Wednesday, May 27, 2009

MySQL Proxy => proxydb + replication

A couple of weeks ago I wrote a lua script to use with the MySQL Proxy that transforms the Proxy into a key=>value lookup dictionary.

But I couldn't just stop there. So I decided to add replication to it :).


The basic idea is that you have one proxy that acts like a master, it can handle all write/read operations. Once it receives a write query, it will send that query to the slave proxy instances, and after the last slave gets the query, the master will return a confirmation to the mysql client.
And of course, you send your read queries to the slave proxy instances.

Show me the code.
It is available on the MySQL Forge. And I'd recommend using Oldag's version of the sandbox, which allows you to easily setup different topologies of MySQL servers and Proxies. (It saved me lots of time)

Complex situation, lots of ins, outs and what have you.
(or how does it work?)

It uses the connection pool feature from the MySQL Proxy that is based on the rw-splitting.lua script.
This means that you will need to start a few different connections to the master proxy instance to get the poll going.
I do this by using this simple command line

$ for i in `seq 1 100` ; do ./proxy1/use -e "exit"; done ;
It also makes usage of mocking a mysql server. The script checks if there is a backend defined (proxy-backend-addresses), if there is one, it will tr to open a connection, otherwise, it is the last node on the chain and it will return an OK packet.

Oh, look at the proto.to_challenge_packet({}) function, which is better than working directly with the protocol.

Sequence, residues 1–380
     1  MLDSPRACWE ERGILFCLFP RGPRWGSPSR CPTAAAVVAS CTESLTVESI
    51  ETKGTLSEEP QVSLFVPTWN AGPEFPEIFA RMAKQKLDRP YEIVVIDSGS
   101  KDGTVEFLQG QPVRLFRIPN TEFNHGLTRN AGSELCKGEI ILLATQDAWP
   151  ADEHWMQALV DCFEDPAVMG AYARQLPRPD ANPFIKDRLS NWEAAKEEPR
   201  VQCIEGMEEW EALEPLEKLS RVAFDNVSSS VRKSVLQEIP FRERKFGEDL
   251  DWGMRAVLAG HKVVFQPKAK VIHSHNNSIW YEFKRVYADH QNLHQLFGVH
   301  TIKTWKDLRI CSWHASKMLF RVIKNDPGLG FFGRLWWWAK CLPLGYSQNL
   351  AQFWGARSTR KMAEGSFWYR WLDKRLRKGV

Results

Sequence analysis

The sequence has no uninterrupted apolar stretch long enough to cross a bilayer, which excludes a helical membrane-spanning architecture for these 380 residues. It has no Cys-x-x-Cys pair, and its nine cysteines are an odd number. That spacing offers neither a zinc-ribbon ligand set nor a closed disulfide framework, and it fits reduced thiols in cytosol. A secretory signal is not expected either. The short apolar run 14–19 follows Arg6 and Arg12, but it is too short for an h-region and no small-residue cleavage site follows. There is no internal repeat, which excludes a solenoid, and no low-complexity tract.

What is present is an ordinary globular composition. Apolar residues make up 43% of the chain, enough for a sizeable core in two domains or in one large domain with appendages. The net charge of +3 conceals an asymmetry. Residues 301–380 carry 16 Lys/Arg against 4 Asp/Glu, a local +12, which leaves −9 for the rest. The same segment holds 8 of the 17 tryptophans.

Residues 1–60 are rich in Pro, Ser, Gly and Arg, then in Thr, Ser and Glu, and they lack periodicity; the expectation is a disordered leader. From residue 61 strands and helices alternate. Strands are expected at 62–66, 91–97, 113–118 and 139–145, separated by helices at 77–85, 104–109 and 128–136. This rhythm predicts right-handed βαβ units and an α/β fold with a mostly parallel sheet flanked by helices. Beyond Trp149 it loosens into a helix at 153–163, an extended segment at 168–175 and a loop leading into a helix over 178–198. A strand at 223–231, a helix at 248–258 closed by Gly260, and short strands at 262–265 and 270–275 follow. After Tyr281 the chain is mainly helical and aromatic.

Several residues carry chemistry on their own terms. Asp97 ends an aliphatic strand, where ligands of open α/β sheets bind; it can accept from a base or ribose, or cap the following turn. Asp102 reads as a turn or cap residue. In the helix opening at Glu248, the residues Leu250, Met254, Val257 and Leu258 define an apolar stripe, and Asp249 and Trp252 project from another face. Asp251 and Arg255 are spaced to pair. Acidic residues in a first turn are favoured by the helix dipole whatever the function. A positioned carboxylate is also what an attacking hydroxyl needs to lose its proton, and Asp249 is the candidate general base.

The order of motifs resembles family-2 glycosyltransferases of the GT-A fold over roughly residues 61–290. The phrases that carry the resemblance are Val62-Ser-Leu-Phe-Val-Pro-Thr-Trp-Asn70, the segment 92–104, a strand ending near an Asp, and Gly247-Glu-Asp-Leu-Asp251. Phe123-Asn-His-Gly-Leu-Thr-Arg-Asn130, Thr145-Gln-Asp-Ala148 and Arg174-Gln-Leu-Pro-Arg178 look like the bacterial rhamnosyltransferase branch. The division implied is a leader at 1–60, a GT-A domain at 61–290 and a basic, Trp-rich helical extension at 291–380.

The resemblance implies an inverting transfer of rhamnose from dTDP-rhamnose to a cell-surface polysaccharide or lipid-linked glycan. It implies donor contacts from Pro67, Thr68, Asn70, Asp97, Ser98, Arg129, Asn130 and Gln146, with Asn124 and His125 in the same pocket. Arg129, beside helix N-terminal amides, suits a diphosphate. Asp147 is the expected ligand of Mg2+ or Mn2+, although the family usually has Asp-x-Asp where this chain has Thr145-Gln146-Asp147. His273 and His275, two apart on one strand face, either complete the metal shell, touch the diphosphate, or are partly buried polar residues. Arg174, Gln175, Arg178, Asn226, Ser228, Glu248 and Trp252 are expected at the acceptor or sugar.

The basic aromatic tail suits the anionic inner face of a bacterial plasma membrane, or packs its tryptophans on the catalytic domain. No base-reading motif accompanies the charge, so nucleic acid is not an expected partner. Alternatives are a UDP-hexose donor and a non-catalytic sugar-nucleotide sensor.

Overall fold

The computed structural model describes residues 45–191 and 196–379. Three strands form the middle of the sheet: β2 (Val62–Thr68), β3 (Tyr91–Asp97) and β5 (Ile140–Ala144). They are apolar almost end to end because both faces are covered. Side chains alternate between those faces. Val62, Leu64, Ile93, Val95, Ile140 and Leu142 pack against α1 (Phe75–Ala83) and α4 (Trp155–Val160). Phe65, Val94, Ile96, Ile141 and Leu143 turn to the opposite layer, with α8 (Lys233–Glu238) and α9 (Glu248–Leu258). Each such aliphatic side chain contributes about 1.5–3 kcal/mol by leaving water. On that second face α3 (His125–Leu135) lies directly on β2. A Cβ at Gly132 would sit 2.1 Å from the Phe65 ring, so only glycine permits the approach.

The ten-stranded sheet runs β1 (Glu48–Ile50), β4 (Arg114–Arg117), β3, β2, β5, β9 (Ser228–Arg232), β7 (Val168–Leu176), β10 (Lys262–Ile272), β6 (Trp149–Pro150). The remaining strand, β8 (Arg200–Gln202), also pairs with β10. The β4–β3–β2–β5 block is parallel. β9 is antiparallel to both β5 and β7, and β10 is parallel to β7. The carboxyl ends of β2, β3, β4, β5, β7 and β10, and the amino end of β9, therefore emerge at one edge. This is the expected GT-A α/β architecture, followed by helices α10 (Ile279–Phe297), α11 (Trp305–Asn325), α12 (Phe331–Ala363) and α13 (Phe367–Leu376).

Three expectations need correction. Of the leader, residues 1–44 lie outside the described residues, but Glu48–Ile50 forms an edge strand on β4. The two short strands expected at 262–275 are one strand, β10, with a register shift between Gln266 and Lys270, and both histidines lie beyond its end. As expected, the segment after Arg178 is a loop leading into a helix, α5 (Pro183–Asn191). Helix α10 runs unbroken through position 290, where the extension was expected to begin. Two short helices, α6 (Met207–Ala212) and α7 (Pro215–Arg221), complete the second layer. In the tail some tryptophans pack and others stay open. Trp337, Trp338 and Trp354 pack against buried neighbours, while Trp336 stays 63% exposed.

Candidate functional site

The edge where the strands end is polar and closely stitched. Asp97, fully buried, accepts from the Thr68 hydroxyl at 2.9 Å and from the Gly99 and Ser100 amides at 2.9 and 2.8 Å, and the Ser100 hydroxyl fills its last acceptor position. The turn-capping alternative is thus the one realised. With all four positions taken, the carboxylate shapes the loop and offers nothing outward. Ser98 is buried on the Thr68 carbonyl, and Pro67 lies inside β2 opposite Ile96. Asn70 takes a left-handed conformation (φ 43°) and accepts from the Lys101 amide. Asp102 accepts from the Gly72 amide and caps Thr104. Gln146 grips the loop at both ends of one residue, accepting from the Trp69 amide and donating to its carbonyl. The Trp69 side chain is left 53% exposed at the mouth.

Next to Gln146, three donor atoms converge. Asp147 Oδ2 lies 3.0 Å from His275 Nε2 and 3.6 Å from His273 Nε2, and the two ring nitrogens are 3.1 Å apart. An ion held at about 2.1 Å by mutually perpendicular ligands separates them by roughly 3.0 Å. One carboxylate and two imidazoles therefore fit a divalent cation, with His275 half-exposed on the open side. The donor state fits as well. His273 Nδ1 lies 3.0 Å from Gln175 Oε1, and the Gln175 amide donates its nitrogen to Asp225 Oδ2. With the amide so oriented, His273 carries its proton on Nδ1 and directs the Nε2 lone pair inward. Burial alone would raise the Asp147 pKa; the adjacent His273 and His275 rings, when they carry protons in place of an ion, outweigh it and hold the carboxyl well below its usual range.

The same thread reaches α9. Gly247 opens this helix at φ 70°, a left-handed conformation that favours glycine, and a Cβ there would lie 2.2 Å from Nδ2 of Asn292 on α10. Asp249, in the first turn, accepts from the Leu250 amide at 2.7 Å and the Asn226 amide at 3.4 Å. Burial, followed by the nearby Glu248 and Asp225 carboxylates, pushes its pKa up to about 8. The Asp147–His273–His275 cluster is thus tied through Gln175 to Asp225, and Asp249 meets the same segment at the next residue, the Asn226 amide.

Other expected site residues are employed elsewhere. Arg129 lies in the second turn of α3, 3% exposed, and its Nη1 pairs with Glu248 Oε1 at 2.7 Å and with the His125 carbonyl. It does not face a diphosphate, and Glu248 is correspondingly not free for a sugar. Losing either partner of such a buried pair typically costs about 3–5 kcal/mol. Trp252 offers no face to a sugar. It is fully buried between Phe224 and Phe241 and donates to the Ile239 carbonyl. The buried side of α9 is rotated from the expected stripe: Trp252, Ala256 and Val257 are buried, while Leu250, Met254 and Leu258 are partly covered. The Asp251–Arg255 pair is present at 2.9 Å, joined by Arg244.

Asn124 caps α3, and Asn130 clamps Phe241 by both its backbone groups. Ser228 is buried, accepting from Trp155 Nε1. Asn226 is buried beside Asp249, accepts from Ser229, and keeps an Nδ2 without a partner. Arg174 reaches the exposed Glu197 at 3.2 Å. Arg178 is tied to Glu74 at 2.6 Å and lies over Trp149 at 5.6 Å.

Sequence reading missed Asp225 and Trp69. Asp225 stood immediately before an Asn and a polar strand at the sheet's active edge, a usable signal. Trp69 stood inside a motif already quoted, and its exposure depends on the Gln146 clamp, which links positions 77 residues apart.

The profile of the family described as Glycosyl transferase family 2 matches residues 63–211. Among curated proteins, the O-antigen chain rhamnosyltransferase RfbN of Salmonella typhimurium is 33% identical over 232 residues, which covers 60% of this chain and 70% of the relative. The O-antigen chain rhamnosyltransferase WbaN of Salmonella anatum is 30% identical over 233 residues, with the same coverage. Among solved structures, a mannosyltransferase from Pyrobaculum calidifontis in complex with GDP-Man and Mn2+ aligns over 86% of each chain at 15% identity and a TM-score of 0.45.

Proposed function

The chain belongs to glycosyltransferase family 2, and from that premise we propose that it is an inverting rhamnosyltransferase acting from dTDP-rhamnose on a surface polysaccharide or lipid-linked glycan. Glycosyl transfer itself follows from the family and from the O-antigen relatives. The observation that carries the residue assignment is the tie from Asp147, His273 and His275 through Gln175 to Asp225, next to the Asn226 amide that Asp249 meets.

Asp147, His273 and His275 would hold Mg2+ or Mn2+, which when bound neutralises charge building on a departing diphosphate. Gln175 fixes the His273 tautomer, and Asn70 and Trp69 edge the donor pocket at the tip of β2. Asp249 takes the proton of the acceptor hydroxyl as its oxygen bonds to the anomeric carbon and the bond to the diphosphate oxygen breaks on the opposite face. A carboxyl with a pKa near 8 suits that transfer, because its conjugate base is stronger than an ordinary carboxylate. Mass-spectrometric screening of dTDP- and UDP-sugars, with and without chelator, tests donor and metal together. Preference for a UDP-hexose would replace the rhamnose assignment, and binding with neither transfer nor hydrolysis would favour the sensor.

We then have read_query(), which is pretty easy to understand, I tried to add as many comments as I could to the actual code.
We have different functions for each type of query. I think this is a clean way of doing :).
You will also see that each function that handles different query types has a line like this one:

if proxy.global.last_node == 0 then

This tells the proxy that if it is the last node on the chain, it has to return a resultset

read_query_result()
This was fun to work on. Here is where you send the queries to the slave proxies. The proxy loops over the list of backends and appends the same query. Once it reached the last proxy, it resets the current backend server and returns an OK packet to the mysql client.

This implementation could help you duplicate and reroute your queries to a different mysql server. So that you can send them to a server with different values on the my.cnf file, or any other changes that you'd like to test.

I hope you find it useful and feedback is always welcome.

*I got seq for my mac from this post.

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